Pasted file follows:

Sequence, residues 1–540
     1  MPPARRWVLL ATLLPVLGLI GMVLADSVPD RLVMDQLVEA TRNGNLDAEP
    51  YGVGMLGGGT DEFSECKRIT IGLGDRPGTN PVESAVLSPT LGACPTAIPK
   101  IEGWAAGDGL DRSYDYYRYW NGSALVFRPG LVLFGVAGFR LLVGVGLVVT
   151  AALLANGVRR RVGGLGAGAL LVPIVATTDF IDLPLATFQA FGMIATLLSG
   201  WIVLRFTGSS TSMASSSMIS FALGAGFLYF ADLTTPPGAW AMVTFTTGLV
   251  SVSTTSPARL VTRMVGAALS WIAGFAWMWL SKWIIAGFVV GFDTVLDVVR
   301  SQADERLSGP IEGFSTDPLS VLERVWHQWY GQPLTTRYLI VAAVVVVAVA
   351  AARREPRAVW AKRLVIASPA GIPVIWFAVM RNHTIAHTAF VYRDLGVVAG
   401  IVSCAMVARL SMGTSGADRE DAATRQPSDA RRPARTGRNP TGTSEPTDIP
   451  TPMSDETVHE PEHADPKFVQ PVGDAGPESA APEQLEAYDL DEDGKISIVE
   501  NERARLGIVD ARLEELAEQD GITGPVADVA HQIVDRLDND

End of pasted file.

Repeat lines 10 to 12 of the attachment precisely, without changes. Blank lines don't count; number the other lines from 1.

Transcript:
   401  IVSCAMVARL SMGTSGADRE DAATRQPSDA RRPARTGRNP TGTSEPTDIP
   451  TPMSDETVHE PEHADPKFVQ PVGDAGPESA APEQLEAYDL DEDGKISIVE
   501  NERARLGIVD ARLEELAEQD GITGPVADVA HQIVDRLDND